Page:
Oracle Webcast: What’s In Store For Java?


During a live webcast aired from Silicone Valley last night, Oracle’s Executive Vice President of Product Development Thomas Kurian laid down Oracle’s roadmap for Java, post-Sun.

Oracle’s overall strategy is to extend the Java Programming Model to emerging application development paradigms; optimising the platform for a variety of deployment architectures by integrating and simplifying the platform, and revitalising the Java Developer community with best of breed Java Technology. Oracle also aims to make the JCP a “more participatory community process.”

Kurian then went into greater detail regarding specific pieces of Java technology. Version 7 of Java Standard Edition will feature support for multiple languages and multi-core processors.

The HotSpot Java Virtual Machine will be integrated with technology from Oracle’s proprietary Java Virtual Machine, JRockit. Oracle plans for version 7 of HotSpot to run natively on Hypervisors, feature Non-Uniform Memory Access (NUMA) Compiler Optimisation for Multi-cores, and continue to support all “leading” open-source software.

Kurian also laid down the roadmap for Java EE Reference Implementation (RI), promising to deliver an optimised Web Services Stack, new lightweight server profiles and modularity with Open Standards. GlassFish will remain the Java EE RI, and there will be a clear differentiation between GlassFish and Oracle’s own WebLogic sever.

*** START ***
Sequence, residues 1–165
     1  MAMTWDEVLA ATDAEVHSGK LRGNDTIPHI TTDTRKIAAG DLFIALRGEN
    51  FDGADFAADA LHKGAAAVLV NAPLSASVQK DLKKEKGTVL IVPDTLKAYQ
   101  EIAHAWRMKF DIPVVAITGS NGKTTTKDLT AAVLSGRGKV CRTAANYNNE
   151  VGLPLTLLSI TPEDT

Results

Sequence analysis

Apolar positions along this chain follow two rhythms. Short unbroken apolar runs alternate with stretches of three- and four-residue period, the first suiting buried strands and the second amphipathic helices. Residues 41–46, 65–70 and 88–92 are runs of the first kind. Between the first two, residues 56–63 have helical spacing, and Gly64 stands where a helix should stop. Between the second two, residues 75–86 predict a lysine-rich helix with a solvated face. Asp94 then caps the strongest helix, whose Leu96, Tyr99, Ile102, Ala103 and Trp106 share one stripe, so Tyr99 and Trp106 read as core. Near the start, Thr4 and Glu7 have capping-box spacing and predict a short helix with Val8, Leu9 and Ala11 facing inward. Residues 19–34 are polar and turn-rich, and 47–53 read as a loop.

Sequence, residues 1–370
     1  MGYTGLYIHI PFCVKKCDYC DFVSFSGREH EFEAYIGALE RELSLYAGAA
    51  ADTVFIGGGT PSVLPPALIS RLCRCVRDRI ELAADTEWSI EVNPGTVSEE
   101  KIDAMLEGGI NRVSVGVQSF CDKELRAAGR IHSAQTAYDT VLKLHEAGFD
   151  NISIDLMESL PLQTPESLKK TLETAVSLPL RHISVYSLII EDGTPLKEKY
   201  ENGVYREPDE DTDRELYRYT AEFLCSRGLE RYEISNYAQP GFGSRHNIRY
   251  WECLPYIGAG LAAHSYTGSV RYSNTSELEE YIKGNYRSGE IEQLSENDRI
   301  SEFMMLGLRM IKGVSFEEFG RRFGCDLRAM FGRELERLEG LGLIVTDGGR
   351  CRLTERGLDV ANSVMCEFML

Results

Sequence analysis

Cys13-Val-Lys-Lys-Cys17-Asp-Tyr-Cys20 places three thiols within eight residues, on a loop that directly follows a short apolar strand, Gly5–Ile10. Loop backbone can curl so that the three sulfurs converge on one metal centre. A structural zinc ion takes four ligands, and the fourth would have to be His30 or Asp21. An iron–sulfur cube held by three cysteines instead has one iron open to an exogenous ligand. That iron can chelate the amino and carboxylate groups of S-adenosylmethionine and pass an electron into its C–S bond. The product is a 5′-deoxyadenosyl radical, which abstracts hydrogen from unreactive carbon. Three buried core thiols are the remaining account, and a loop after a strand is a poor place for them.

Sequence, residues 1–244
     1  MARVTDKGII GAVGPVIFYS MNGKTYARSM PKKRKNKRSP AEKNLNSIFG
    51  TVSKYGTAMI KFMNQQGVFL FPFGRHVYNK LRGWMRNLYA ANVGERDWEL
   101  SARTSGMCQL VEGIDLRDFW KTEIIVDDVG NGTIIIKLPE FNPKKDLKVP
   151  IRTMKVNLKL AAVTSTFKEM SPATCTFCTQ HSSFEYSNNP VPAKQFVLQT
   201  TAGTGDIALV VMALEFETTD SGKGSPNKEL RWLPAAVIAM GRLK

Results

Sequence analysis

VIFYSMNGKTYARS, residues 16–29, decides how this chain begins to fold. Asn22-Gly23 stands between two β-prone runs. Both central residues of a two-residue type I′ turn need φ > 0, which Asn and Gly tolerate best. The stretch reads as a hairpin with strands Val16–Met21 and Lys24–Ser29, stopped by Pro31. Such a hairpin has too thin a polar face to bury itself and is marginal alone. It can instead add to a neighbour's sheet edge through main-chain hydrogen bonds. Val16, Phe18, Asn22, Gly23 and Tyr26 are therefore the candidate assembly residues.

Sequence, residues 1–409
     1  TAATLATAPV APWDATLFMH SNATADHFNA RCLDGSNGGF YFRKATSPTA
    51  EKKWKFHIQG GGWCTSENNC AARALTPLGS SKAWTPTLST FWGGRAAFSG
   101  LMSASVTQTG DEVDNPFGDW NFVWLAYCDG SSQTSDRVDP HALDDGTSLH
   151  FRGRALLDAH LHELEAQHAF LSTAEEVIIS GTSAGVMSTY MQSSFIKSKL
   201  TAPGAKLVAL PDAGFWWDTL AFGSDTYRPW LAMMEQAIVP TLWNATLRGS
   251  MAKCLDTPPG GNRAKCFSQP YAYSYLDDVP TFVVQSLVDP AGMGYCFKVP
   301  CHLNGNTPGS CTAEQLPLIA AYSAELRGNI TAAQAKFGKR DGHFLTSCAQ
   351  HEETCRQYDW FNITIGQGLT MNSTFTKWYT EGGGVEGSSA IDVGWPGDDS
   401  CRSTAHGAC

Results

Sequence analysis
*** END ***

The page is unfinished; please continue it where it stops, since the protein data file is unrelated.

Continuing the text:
Oracle plans to unify the Java ME and Java SE Programming APIs, and include new interaction paradigms for future releases of Java ME. Oracle will also extend the “cinematic experience” of JavaFX to provide an “unmatched experience” for Rich Internet Applications. JavaFX will be developed for seamless interoperability with Java, JavaScript and HTML 5, allowing developers to “mix and match” programming languages. The core Java ME platform will be optimised to run JavaFX.

Oracle expects to release JDK 7 in 2010. NetBeans will be continued, with an increased focus on scripting with Dynamic Languages, Java EE6 and Java ME. JDeveloper will remain the Integrated Development Environment (IDE) for Oracle Fusion Middleware, and the strategic development tool for Oracle’s applications.


Oracle plans to maintain its standing as a “strategic member” of Eclipse and continue its contributions to Eclipse.

“We have a crystal clear idea and focus on how we’re going to execute this,” said Kurian.

During the webcast, it was announced that JavaOne will now run parallel with Oracle OpenWorld, and will be held in San Francisco from September 19th to September 23rd, 2010. JavaOne conferences will also take place in Brazil, Russia, India and China later in 2010.

Oracle made a point of driving home its newly-acquired ability to deliver an integrated stack of hardware, infrastructure, database, middleware, and business applications, and the business potential of combining Oracle software with Sun hardware.

“We are in the complete and integrated systems business,” Oracle CEO Larry Ellison said, in last night’s webcast.

Highlights of the five hour long webcast, are now available at Oracle’s official website.


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